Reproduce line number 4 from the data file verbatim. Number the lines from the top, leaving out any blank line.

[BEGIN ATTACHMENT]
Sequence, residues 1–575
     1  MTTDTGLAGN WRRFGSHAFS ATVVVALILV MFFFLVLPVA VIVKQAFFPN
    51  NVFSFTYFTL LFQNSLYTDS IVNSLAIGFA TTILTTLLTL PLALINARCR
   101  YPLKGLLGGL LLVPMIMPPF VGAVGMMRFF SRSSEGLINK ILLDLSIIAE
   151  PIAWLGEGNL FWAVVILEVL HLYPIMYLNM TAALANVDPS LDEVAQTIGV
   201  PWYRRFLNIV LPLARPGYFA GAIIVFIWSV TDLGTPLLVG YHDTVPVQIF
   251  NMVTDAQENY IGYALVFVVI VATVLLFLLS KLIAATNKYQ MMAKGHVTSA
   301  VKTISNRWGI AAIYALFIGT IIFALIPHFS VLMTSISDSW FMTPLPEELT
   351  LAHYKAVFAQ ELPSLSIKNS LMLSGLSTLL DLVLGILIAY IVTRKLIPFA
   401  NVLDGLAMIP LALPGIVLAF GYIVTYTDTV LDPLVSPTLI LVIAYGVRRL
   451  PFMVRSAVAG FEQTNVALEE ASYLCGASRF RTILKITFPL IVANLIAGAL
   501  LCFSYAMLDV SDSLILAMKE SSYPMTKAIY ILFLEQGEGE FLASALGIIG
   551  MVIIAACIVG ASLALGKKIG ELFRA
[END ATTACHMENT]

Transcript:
   101  YPLKGLLGGL LLVPMIMPPF VGAVGMMRFF SRSSEGLINK ILLDLSIIAE